Law enforcement veteran Matt Rodriguez is proving that he’s taking no prisoners in his pursuit to restore law and order in California. He has declared that he’ll take a “very conservative position on how we can solve all of society’s ills that we’re seeing in L.A. County.”

The retired sheriff’s Capt. also shared that he hopes to¬† change everything that’s at stake in the primary election. He feels the L.A. County Sheriff’s Office has gone off course under the leadership of the current sheriff, Alex Villanueva.

“This is the biggest election in the history of the Los Angeles County Sheriff’s Department,” Rodriguez said. “The electorate in Los Angeles County got it wrong four years ago.”

Rodriguez is the only remaining registered Republican among the race’s eight nominees who are hoping to unseat Villanueva in the June 7 primary. Only 17 percent of registered voters in L.A. County are Republican. However, he hopes that when residents vote in the primary, they’ll be able to recognize the problems that the current sheriff has been unable to resolve during his current term, and vote for a change in policy.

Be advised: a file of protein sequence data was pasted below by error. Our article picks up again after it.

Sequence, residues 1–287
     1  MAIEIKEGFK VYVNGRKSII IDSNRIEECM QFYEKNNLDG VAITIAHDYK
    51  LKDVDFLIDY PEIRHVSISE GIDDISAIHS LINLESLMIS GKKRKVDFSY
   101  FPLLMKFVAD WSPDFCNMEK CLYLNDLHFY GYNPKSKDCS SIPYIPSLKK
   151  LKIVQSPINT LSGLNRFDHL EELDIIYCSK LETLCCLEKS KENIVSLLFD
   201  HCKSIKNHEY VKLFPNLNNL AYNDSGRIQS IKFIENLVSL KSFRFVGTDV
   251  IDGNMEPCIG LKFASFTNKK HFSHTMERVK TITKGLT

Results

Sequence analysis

One of the biggest problems under Villanueva’s leadership is his failure to end the department’s decades-old deputy gang problem. There are deputies¬†still on the force who have matching and menacing tattoos, which represent them taking law and order into their own hands.

Villanueva has stated that he supports a new California law that criminalizes law enforcement gangs. However, Rodriguez feels the current sheriff hasn’t done enough to truly stop their illegal actions.

The Republican nominee declined getting the gangs’ signature tattoo of a skull in front of a gravestone and an iron cross when he was a deputy working at the Carson sheriff’s station. He chose not to get the tattoo because it features “flared tips that reminded me of an iron cross, which was used in Nazi Germany for atrocious purposes.”

With the decades-old deputy gang problem still plaguing the department, Rodriguez reminds L.A. residents that “Law and order is on the ballot” when they vote in the L.A. County Sheriff’s primary election on June 7.

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